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Episodes & Studies Volume 2

Pacific Coastwatching

Pacific Coastwatching

THE NEW ZEALAND Naval Board controlled the coastwatching stations established in the eastern Pacific. The screen of stations directly protected our ports and coasts and interlocked with the coastwatching system to the west for which Australia was responsible.

The political control of the eastern Pacific was, for practical purposes, vested in Britain and New Zealand. The coastwatching system set up in early 1941 included the mandated territory of Western Samoa, the Cook Islands, the Crown Colony of Fiji, the monarchy of Tonga, many islands in the widely scattered domain of the High Commissioner for the Western Pacific (which extends from the Solomon Islands to Pitcairn), and also some islands not continuously inhabited. In 1941, when the system was first in full operation, there were stations on ten islands of the Gilberts, seven in the Ellice Group, four in the Phoenix and three in the Tokelau Groups (reporting through Apia), five in the Samoa area, three in the Fanning Island neighbourhood, eleven in the Cook Group, six in Tongan territory, and nine in the Fiji Islands. These numbers fluctuated during the war, the general tendency being for more stations to be established during 1942 and 1943 (ignoring the loss of the Gilberts) and for stations to be closed down altogether or relieved of full duty during 1944 and 1945. A coastwatching station in this account means a station with a radio or other means of communicating with headquarters. It might have one, two, or a larger number of actual lookout posts feeding it with information.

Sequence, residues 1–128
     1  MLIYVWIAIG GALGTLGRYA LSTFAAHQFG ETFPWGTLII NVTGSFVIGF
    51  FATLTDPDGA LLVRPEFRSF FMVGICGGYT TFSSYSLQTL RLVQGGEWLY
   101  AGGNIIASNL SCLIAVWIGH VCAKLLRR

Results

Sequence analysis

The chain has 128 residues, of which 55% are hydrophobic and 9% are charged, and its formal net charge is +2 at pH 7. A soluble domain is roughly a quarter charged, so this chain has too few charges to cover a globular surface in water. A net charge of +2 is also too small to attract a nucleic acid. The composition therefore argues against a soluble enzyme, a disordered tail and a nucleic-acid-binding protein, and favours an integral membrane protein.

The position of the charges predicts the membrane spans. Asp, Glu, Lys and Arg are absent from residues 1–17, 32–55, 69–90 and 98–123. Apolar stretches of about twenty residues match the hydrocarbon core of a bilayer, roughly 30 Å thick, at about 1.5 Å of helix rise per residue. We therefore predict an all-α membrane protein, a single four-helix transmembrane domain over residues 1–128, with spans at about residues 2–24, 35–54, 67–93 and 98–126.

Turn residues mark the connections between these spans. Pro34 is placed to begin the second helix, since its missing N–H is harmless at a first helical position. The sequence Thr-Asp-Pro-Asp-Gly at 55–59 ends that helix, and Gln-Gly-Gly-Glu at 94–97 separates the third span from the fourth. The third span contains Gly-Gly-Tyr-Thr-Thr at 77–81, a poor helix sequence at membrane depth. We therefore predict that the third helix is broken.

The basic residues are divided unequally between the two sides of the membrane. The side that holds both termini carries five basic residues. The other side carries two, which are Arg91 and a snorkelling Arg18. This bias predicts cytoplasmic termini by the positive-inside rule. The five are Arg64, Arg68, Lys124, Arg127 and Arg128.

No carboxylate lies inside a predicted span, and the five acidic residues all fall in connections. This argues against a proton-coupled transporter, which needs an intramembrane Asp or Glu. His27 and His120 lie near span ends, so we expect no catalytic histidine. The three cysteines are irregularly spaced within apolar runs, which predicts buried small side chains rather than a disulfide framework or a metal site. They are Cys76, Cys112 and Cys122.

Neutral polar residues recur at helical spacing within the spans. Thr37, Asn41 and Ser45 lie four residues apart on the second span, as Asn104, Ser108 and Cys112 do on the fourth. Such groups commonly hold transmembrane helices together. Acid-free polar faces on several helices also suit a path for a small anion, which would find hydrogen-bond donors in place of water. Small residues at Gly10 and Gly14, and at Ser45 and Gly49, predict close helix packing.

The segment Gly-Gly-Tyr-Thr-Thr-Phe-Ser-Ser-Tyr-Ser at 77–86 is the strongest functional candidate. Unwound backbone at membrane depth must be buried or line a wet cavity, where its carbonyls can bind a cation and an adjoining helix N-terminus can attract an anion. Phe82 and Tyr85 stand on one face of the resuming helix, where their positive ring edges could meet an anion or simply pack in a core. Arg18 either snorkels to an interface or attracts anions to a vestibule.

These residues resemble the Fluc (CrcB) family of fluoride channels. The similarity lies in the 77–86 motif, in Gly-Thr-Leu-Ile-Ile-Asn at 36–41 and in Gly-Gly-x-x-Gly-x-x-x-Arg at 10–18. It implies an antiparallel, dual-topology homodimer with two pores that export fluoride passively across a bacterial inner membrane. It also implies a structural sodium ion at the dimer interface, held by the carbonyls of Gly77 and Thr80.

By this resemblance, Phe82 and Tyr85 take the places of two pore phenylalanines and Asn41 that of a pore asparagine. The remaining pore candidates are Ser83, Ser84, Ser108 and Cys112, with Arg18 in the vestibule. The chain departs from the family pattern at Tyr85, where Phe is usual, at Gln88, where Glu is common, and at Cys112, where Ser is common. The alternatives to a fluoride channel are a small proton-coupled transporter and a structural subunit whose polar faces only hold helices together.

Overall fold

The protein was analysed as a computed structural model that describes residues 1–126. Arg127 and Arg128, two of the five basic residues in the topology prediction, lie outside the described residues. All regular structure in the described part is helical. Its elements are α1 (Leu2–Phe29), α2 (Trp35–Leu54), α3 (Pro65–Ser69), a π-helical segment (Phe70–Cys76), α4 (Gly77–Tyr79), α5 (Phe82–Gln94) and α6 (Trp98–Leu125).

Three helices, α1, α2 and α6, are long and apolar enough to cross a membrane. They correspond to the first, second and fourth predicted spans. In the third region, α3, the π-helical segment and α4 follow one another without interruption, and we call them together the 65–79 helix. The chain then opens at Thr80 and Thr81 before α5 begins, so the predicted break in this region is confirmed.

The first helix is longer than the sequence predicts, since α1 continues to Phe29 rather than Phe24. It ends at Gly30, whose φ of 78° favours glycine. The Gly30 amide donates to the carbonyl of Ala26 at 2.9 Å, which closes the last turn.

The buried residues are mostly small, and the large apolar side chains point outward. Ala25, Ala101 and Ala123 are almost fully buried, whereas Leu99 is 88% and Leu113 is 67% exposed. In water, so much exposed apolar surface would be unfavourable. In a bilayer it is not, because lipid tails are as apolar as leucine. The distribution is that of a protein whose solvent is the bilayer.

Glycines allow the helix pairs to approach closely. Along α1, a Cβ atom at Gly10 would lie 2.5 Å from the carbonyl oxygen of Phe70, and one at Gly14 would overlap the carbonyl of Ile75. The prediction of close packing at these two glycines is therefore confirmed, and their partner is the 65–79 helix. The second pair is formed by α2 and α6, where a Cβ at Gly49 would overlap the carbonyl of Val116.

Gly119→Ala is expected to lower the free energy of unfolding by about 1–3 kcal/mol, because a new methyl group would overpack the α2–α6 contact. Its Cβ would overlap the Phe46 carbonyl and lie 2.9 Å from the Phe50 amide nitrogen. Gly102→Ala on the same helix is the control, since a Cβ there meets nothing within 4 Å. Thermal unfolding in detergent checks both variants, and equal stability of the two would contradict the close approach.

New Zealand's coastwatching stations were mere pinpoints in the immensity of the Pacific Ocean. The most northerly were those on Fanning Island, 230 miles north of the Equator, and Makin, or Butaritari, Island in the Gilberts, 1660 miles west of Fanning and thirty miles nearer the Equator. The southernmost was the station on Campbell Island, some 3300 miles due south of Makin. A like distance, over sixty-four degrees of longitude and twenty-five degrees of latitude, separated Pitcairn Island, 2890 miles east-north-east of New Zealand, from the Auckland Islands. All the island stations in this vast area of ten million square miles were stored and serviced by the Aerodrome Services Branch of the Public Works Department by means of three small auxiliary-screw sailing vessels, the Tagua, New Golden Hind, and Ranui.

The operational control of this wide network of coastwatching stations was centred in New Zealand, but our responsibility for maintaining them was limited. The Post and Telegraph Department supplied radio equipment for many stations, both in our own dependencies and on islands governed by Britain. The fullest use was made of existing facilities, and wherever a Government or a private individual had already installed any type of radio transmitter a coastwatching station was established, even if arrangements for keeping the watch were not always entirely satisfactory.

In all island territories a general instruction was issued to the population at large to report to the authorities the appearance of strange ships or aircraft, as well as drifting or stranded mines or unusual flotsam and jetsam. On populous islands like Viti Levu, in the Fiji Group, general reporting by responsible European and Fijian individuals was well developed. It was, however, laid down that a coastwatching lookout should not be more than two hours away from its radio station, so that the delay in reporting a sighting was never likely to exceed three hours. Undoubtedly, local conditions directly affected the value of the reports made.

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